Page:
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Manuel Göttsching, German electronic music pioneer, has died aged 70

German electronic music pioneer Manuel Göttsching has died at the age of 70.

The musician and producer, who was known as the guitarist of the 70s Krautrock outfit Ash Ra Tempel, “passed away peacefully on December 4” surrounded by his family, according to a statement posted on his official website.

“The void he leaves behind we want to fill with his music and loving memories,” the statement continued. “When your fingers touched the strings of a guitar, the world stood still. May it stands still and bring you back to us whenever we hear you play.”

Göttsching founded Ash Ra Tempel with Hartmut Enke and ex-Tangerine Dream drummer Klaus Schulze in 1970 and was a core element of the growing krautrock scene.

The group released five albums between 1971 and 1973, after which Göttsching made his solo debut with 1975’s ‘Inventions for Electric Guitar’. Ashra, his second ensemble, launched in 1976 and Göttsching continued to produce music under his own name and as Ashra.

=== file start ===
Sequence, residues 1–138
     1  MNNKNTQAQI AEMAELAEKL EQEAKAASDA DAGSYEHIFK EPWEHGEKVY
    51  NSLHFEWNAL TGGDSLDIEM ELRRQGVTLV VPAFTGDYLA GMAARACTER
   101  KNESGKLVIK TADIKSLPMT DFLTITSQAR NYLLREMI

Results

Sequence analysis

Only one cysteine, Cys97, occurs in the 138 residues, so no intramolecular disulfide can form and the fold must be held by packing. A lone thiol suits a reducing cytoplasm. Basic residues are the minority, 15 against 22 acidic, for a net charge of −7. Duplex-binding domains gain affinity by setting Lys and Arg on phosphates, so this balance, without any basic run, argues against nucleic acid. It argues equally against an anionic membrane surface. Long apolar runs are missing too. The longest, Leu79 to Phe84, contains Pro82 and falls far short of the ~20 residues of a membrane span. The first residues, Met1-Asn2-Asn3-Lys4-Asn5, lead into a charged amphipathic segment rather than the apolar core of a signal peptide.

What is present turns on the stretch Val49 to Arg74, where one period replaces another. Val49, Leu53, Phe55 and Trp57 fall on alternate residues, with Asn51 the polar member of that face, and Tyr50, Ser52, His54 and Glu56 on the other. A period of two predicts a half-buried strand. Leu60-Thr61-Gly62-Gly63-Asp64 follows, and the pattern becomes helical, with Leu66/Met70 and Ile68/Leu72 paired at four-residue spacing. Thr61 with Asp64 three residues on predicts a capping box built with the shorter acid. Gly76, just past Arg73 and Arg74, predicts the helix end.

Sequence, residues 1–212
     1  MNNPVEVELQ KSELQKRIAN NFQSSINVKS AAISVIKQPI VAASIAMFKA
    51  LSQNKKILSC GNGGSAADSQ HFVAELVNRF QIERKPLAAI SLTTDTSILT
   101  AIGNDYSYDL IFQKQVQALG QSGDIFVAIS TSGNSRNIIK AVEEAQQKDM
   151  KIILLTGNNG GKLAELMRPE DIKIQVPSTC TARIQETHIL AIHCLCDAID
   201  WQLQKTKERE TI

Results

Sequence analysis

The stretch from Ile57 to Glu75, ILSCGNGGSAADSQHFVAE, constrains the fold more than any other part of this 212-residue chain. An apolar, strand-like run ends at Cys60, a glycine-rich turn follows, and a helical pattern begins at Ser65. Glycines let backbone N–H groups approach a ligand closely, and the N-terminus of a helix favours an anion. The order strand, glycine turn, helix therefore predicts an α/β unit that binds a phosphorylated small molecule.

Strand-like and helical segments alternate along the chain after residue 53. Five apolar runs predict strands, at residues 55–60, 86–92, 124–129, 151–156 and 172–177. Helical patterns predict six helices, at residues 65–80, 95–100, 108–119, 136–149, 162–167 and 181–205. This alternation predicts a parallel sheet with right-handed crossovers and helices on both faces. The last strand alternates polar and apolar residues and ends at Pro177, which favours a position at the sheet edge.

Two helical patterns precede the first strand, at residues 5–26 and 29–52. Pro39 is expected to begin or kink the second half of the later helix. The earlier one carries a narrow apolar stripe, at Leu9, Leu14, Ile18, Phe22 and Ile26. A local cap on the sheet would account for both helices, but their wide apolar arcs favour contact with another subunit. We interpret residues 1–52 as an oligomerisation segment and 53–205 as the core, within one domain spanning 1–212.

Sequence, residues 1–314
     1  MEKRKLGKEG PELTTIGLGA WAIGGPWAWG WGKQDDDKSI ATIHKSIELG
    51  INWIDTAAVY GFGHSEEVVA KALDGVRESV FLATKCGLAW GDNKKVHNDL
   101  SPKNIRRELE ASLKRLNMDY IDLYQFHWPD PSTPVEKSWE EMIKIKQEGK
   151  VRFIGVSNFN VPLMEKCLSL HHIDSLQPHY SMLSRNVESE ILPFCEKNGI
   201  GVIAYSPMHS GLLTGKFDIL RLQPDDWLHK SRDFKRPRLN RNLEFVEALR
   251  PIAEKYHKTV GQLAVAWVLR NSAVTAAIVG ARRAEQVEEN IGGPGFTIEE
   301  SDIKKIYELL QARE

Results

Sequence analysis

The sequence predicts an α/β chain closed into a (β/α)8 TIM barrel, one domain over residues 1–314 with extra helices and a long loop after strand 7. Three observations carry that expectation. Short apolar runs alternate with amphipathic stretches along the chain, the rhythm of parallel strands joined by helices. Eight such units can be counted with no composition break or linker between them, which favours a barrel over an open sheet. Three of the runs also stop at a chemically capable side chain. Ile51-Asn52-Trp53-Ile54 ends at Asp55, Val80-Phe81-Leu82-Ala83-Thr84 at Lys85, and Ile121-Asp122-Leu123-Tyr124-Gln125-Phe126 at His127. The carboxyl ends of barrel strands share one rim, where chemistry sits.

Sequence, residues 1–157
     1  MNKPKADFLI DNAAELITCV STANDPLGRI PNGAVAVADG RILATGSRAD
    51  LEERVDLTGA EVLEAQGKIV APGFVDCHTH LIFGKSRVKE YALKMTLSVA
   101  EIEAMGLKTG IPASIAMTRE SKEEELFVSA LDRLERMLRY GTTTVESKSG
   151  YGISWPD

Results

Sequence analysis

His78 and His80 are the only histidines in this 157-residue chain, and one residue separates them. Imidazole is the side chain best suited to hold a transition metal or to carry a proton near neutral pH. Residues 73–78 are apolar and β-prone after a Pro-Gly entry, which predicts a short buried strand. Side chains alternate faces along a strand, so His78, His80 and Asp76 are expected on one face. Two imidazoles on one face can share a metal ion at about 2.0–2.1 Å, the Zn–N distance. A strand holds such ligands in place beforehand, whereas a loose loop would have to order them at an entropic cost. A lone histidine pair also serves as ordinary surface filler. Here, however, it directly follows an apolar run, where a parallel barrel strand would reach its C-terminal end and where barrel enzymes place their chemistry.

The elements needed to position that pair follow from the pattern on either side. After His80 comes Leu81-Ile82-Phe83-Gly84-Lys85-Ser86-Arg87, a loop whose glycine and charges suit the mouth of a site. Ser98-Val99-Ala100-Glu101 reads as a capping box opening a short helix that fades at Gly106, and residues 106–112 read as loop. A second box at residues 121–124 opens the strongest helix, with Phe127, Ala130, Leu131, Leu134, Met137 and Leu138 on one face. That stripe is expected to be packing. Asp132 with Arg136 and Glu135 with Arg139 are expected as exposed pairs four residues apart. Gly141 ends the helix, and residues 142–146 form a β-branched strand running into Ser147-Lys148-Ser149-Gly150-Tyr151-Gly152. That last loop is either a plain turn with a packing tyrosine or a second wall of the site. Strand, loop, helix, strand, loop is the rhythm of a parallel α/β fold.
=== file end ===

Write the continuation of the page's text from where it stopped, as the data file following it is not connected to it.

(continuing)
In 1981, Göttsching worked on his influential solo album ‘E2-E4’, an hour-long minimalist recording which uses a sequencer, improvised keyboards, metallic percussion and guitar. He eventually released the full improvisation on Klaus Schulze’s label in 1984, and it soon became a Paradise Garage favourite.

“The composer/producer of the seminal release E2-E4 played an essential role in developing house & techno music,” R&S Records wrote on Twitter. “The album influenced the likes of Carl Craig with Manuel being a massive inspiration on Renaat in the formation of R&S Records.”

‘E2-E4’ was reworked by Sueño Latino in 1989, remixed by Derrick May and was considered inspirational to everyone from LCD Soundsystem to Lindstrøm.

“When I found out E2-E4 was played in clubs,” Göttsching told the Guardian in 2013, “I couldn’t imagine people dancing to it. There’s not a strong bass drum and the rhythm is very subtle. I took ideas from dance music, but my composing goes more into the minimalist style of Steve Reich, Philip Glass. It could be played with an orchestra.”

See more tributes to Göttsching below.



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